Cedar Apple Rust - Identification & Control

Cedar Apple Rust becomes a serious threat anytime when apples and Eastern red cedar coexist. Take precautions and treat your trees to further prevent the spread before your harvest suffers!

Cedar Apple Rust can be a destructive disease on both plants. Caused by Gymnosporangium juniperi-virginianae – a fungus that is spread from cedars or junipers to apple trees in the spring. If you have apple trees planted nearby cedars or junipers – be on the look out for symptoms of this destructive fungal disease in the spring.  

You can identify Cedar Rust on by the small, pale yellow spots present on upper leaf surfaces. Spots will enlarge and become orange with black specks in the center. This disease causes fruit loss and sometimes leaf drop. The best way to control cedar apple rust or CAR, is to prevent further infection using a mixture of cultural methods and fungicide treatments. 

Lifecycle of CAR

This fungal pathogen starts life on junipers as an aeciospore that the wind carries from apples to its new host in the late spring or early fall. A brown gall develops the following summer and fall on the junipers.

Instead of galls, infected apple, crabapple trees (and sometimes pear trees) reveal circular yellow spots on the upper surface of their leaves soon after bloom. Later in the summer, brownish cylindrical tubes with hairs sticking out appear underneath the yellow spots, or on the twigs and fruit. The damage done to the leaves hinders the tree’s ability to absorb sunlight and nutrients. 

When apple trees and crab apple trees are infected with this fungal disease, the fruit may be of marginal quality and the fruit may drop off the tree. In addition, a severe infection can cause your tree to drop its leaves! If that happens for several years in a row, your apple tree could be in jeopardy. 

This disease is spread by splashing rain or irrigation, especially in the spring. During dry weather, spores are then transferred to other junipers. Spores overwinter in the juniper galls to start the cycle again the following year.  

Cedar Rust on Juniper Tree, orange gall

Symptoms of Cedar Apple Rust:  

Check for signs of the disease on both hosts:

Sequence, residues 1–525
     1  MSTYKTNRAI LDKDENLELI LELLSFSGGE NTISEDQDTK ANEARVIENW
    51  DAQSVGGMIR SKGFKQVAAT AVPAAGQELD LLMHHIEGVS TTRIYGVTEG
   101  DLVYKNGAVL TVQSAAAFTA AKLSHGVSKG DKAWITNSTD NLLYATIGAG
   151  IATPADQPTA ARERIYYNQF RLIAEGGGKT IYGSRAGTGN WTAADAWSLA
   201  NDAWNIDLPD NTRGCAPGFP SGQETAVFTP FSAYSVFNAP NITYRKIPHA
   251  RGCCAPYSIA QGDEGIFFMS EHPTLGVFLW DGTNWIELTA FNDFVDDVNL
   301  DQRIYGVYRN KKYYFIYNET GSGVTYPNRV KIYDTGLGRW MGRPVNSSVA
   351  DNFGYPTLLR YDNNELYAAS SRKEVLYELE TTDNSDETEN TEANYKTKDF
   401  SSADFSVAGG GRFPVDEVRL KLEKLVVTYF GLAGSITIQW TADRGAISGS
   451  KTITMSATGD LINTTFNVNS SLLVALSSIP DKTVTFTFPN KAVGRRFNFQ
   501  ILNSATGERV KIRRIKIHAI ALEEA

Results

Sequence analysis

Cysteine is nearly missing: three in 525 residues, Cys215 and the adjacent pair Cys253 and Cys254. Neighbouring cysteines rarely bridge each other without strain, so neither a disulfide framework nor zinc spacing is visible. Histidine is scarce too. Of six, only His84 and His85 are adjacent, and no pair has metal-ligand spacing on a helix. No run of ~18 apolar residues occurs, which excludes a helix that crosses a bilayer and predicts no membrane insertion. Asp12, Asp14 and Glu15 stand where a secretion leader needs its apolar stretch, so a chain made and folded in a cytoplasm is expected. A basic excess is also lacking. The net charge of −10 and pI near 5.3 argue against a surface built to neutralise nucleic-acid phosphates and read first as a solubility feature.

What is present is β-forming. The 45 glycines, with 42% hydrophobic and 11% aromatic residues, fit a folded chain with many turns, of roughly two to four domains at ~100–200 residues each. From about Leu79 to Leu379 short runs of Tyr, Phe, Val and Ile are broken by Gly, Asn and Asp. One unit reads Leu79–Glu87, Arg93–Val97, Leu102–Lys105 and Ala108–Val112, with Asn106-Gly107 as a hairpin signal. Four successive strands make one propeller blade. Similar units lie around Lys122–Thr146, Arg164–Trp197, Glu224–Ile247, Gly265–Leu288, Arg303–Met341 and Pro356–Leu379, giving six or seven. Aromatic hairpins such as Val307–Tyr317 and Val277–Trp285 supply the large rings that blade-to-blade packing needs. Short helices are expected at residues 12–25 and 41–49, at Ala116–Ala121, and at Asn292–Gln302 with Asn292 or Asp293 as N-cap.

• Small, pale yellow spots are present on upper leaf surfaces. 
  • Spots will enlarge and become orange with black specks in the center.  
  • A mass of fungal spikes appears on the undersides of leaves.  
  • Orange gelatinous galls appear on trees of the Juniperus genus in spring. 

How to Control Cedar Apple Rust

When adding new fruit trees to your homestead, consider disease-resistant apple tree varieties, such as ‘Freedom,’ ‘Liberty,’ ‘Redfree,’ or ‘William’s Pride. Also, do not plant junipers near rust-susceptible plants, which include both apples and crabapples. It is said that the fungal spores can travel as far as two miles! 

If you see the lesions on the apple leaves or fruit, it is too late to prevent the fungus from affecting your trees for that season. Prevent further spread by cleaning up all debris and diseased leaves from the area. Continue to clean the site throughout the winter. In early spring, the first treatment of a control spray can be used before the bud breaks and continue treatment as needed (always read the instructions on the label*). 

Recommended Sprays to Protect your Apple Trees:

Spraying helps control rust symptoms but will not completely control the disease. To prevent the further spread of the disease, it is suggested to destroy wild or unwanted apples, crabapples, or junipers, so they will not infect your prized apple trees. If possible, remove galls from infected junipers or remove those plants entirely. Keep in mind , however, that the fungal spores can travel in the wind a long distance so the infected juniper may not even be in your yard. 

Contact local county cooperative Extension for further advice on how to best treat Cedar Apple Rust in your area, and of course, feel free to reach out to our customer support team with any specific questions!